The Atomic Bombs : The Justification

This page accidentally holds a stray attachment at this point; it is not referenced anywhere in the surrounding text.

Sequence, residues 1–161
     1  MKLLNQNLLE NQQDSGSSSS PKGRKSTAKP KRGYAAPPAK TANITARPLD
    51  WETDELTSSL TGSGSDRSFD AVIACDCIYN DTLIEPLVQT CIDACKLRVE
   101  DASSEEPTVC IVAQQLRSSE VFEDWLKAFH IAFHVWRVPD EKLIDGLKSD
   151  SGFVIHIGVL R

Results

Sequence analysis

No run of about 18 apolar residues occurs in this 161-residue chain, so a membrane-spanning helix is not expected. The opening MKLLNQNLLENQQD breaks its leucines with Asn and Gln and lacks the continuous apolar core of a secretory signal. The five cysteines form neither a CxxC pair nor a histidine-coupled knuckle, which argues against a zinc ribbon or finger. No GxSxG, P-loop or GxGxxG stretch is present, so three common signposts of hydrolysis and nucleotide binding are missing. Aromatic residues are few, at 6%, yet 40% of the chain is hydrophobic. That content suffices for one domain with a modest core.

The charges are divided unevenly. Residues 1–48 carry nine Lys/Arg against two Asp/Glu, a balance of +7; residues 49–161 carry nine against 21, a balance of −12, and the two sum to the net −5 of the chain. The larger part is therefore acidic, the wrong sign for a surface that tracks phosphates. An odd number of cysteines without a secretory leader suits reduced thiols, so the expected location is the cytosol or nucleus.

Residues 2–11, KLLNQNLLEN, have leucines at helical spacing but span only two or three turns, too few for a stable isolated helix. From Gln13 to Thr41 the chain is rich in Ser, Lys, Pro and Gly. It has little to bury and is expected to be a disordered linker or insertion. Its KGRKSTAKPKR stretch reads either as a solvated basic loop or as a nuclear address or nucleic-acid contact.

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The Atomic Bombs; The Justification One of the most controversial and heavily scrutinized issue of the twentieth century was President Harry S. Truman’s decision to unleash atomic bombs on Hiroshima and Nagasaki in 1945. The motives behind Truman’s actions are shrouded in controversy as top military officials publicly denounced the use of such a disastrous weapon. There is overwhelming evidence supporting both sides of the decision, as historians are split in opinion. The United States had been using conventional bombing to try to push Japan over the edge to surrender, but with countless Japanese civilians loyal to their country, invading Japan proved to be more problematic than first thought. Harry S. Truman made the ultimate decision of dropping the atomic bomb in hopes that it would end the war, but the amount of casualties caused by it has historians questioning if it was morally right, “The bomb was unfortunate, but it was the only means to bring Japan to a surrender,” historian Sadao Asada states (Bomb 9). Truman’s decision to drop the atomic bomb on Hiroshima and Nagasaki were justifiable because they would ultimately lead to the end of the war and would demonstrate U.S. supremacy. The U.S. continued conventional bombing in the 1940s but determined that it would not be enough to cause Japan to come to an unconditional surrender. Japanese military leaders strongly opposed the idea of surrendering while political leaders urged for the country to surrender
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